Hardships & Expanded HAFA Eligibility
When a homeowner is seeking to sell their home for less than what they owe on the property–a short sale–they usually have to submit a “hardship letter” explaining the reason they need to sell the home for the lower amount. This letter is an important part of the short sale package, as lenders consider the borrower’s specific situation when deciding whether or not to approve the sale.
Servicers and investors are under no obligation to approve a short sale, and they may decide not to allow the sale just because a homeowner has decided to move into a smaller house or the just because the property is no longer worth what the owner paid for it. Lenders do not like to collect less money than they are entitled, and therefore they will not approve a short sale unless they deem it in their own financial interest to do so. Hence, in order for a short sale to be approved, one usually needs a legitimate hardship.
A hardship is the reason why you find yourself unable to pay your mortgage. It is often based on financial difficulties, such as reduced income or excessive debt. However, other difficult circumstances may qualify as a hardship (e.g., illness or medical emergency, death in the family, divorce …etc.). Many different circumstances might apply; however, homeowners should ensure that they explain their situation in such a way as to make a short sale seem like the best option for the lender. Residents in our area are well served by receiving tailored advice from a Burlington County short sale lawyer on how to navigate the process based on their exact situation.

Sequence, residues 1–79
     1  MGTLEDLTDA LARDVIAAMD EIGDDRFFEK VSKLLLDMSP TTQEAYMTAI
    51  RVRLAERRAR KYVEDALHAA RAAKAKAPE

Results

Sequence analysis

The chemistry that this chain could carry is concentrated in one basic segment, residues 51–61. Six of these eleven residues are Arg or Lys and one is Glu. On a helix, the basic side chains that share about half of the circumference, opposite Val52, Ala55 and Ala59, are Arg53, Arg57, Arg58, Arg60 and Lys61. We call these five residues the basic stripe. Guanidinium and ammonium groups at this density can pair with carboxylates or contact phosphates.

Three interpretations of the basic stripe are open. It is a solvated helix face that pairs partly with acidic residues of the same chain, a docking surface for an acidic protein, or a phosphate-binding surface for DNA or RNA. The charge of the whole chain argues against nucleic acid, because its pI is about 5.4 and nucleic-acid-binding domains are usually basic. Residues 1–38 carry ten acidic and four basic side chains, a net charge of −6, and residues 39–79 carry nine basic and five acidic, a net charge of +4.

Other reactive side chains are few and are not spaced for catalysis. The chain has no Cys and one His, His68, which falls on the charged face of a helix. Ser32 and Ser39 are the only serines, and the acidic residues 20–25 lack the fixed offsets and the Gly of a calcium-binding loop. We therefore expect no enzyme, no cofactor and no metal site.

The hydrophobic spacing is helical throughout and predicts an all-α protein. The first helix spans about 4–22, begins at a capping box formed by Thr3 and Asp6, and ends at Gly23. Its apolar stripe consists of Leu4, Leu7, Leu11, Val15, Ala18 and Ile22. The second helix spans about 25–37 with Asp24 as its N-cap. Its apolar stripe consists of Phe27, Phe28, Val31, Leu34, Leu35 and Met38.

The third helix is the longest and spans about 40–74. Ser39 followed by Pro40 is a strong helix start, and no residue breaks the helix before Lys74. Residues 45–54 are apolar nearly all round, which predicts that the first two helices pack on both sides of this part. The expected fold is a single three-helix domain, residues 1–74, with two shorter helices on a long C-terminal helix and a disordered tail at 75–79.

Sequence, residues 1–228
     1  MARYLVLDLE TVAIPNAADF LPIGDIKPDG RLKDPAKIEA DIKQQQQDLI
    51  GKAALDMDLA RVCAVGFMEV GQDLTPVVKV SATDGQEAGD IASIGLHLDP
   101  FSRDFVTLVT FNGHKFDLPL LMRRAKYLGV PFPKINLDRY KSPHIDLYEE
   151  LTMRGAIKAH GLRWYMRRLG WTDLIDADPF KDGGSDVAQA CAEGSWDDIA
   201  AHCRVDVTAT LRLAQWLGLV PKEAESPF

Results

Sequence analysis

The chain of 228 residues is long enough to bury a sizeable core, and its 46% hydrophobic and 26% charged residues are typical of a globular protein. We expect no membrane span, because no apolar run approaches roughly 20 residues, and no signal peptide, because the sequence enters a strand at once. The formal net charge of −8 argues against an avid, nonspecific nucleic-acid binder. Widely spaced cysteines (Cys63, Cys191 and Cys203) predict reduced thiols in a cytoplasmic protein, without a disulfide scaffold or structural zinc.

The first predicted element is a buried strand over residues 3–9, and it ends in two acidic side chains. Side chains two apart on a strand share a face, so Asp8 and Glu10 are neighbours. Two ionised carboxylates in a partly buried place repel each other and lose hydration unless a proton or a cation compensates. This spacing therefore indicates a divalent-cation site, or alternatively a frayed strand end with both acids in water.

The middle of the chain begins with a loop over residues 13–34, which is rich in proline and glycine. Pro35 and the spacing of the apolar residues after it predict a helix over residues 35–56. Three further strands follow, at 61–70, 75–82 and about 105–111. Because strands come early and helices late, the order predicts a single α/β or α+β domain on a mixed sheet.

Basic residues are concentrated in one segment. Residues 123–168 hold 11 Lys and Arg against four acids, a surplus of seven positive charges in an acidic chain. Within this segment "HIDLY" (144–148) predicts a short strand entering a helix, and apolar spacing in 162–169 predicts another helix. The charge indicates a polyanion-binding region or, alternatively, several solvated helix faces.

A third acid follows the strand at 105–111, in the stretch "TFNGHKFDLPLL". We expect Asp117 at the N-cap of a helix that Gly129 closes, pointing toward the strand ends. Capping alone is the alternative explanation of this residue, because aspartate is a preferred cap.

For example, the professional may explain that special government programs apply which offer even more incentives–for both the borrower and lender–to engage in a short sale. In fact, rule changes this month to the Home Affordable Foreclosure Alternatives (HAFA) program ease requirements so that more homeowners can participate.
Less Stringent HAFA Qualification
Millions of homeowners are living in underwater homes–where they owe more than the home is worth. Many in this situation think they have few options. However, if the homeowner qualifies for HAFA, they may be able to entice their lender to approve a short sale, allowing them to get out of the situation and receive a fresh start.
HAFA provides up to $3000 to the borrower to cover relocation costs and servicers can get up to $1500 for processing and administrative costs. The New HAFA guidelines, which became effective on June 1st enact strict standards to qualify for the program. Under the new rules, homeowners are no longer required to occupy the property or to be late in their payment in order to be eligible.
These new guidelines will allow many borrowers who were previously ineligible, mainly on the basis of not having an accepted hardship, to qualify for the program. If you are in New Jersey, please get in touch with our Moorestown real estate attorney to learn if you now qualify to take advantage of the program.